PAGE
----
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What the Belgium Senate’s vote to legalize euthanizing children tells us

by | Feb 13, 2014


By Dave Andrusko

Editor’s note. We first ran this story in December just after the Belgian Senate’s tragic vote to legalize euthanizing children of any age. The House of Representatives did likewise today. The arguments made in this piece were valid long before they were written two months ago, they remain so today, and always will be.

Jean-Jacques De Gucht of the Open Flemish Liberals and Democrats spoke in favour of the bill in the Senate.

Jean-Jacques De Gucht of the Open Flemish Liberals and Democrats spoke in favour of the bill in the Senate.

The evidence that Belgium has “leaped head-first off a moral cliff” represents something so utterly dangerous and symptomatic that it deserves further scrutiny beyond the many stories we’ve posted already.

Here are four considerations raised by Belgian Senate’s 50-17 vote which extends the “right” to be euthanized to children regardless of age. I could list 100.

#1. The euthanasia express is like a freight train racing down the tracks without brakes. “It is widely acknowledged that euthanasia is out of control in Belgium,” wrote Dr. Peter Saunders. There’s been “a 500% increase in cases in ten years; one third involuntary; half not reported; euthanasia for blindness, anorexia and botched sex change operations; organ transplant euthanasia; plans to extend euthanasia to children and people with dementia.” Writing before the Senate vote, Saunders observed, “[I]t is clear that in practice the boundaries are continually migrating and the nation’s moral conscience is shifting year on year. Call it incremental extension, mission creep or slippery slope – whatever – it is strongly in evidence in Belgium.”

#2. We are supposed to take consolation in assurances that supposedly “only” 10-15 children a year will be euthanized and that what is already taking place “secretly” will now be brought into the open and regulated. Forget that this is sheer poppycock. Forget that there is no blunter (or more stupid) argument used to demolish legal protections than the assurance that once death is bureaucratized, the numbers will go down. They always, always, always go up. And no matter how wide the net is cast, it is never cast widely enough for “reformers.”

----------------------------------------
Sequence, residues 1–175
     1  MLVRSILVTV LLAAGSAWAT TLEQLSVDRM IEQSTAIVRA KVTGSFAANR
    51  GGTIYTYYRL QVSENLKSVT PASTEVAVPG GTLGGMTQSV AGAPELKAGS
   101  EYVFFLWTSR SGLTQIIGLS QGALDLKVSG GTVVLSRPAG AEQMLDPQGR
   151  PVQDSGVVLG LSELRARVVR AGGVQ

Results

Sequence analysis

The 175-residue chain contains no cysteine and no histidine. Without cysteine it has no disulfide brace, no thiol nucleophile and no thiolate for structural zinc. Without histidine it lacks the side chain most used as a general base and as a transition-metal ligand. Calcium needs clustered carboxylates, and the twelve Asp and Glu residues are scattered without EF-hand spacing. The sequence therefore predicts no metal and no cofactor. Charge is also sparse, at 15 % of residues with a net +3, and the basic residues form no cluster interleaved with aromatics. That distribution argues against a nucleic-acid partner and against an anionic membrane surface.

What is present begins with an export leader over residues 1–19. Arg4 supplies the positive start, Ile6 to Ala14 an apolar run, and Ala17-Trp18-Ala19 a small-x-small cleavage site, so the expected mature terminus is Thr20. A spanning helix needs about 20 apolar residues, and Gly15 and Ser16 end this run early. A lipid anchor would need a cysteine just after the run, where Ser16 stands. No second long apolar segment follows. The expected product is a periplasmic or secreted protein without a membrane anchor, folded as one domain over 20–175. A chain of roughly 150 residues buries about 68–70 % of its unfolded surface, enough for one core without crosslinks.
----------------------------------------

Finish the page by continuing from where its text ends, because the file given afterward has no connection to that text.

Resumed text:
In that vein note that one reason the killing will supposedly be minimal is (as Dr. Kenneth Chambarae, an ardent advocate, told CNN) that there are strict medical criteria before a child can be euthanized. “This is different from adults, who can also request it if they are suffering psychologically.” How long before that “limitation” is eliminated? After all, as Chambarae told CNN, the reason to extend the “right” to be euthanized to children in the first place is that “the law now discriminates them.”

#3. A story in the [Canadian] National Post swallows hook, line, and sinker the myth that euthanasia is already closely monitored in Belgium. “Since its 2002 adoption of legalized euthanasia, Belgium maintains it has rigorous safeguards to prevent frivolous or malicious use of euthanasia laws,” writes Tristin Hopper. “On the Belgian government’s official website an info page is headlined ‘Euthanasia: A strictly regulated right.’” Heck that alone is proof positive, right?

More than 8,000 euthanasia cases since 2002? A change of the first order to allow euthanasia for “psychological suffering” and for the mentally ill? The elevation of proponents to media icons? Most people might consider that less than “a strictly regulated right.”

4. When it comes to euthanasia the Netherlands and Belgium are joined at the syringe. And they are targeting Canada. Kevin Yuill, writing on today observes

“In a poll published today in the British Medical Journal, over half of respondents in the Netherlands (57 per cent) agreed that everyone should have a right to euthanasia, and a similar proportion (53 per cent) agreed that everyone has the right to determine their own life and death. One in four (26 per cent) agreed with the vignette in which a doctor helps an elderly person to die who is tired of living. One in five (21 per cent) agreed with the statement: ‘In my opinion, euthanasia should be allowed for persons who are tired of living without having a serious disease.’ Just over half disagreed (52 per cent), while one in four (25 per cent) neither agreed nor disagreed. Such a change in opinion has taken place after a Dutch citizens’ initiative called Uit Vrije Wil (Out of Free Will) attracted more than 117,000 letters of support in 2010 for its proposal to extend assisted dying to all persons over 70 who are ‘tired of life’.

“Voters in Quebec who will soon consider Bill 52, which would legalise euthanasia in the Canadian province, should keep in mind that this is where voluntary-death campaigns are headed, despite the much-vaunted ‘safeguards’. A society that thinks those who are terminally ill and depressed should be given the option to die will logically extend such ‘benefits’ to those who are over 70 or to others who are simply ‘tired of life’. [emphasis added]

It is assumed by everyone that Belgium’s measure will pass the House [as it did today] and become law when the King signs it (a formality). It is difficult to exaggerate how dreadful, how menacing, how threatening this will be to vulnerable populations all over the world.

Categories: Euthanasia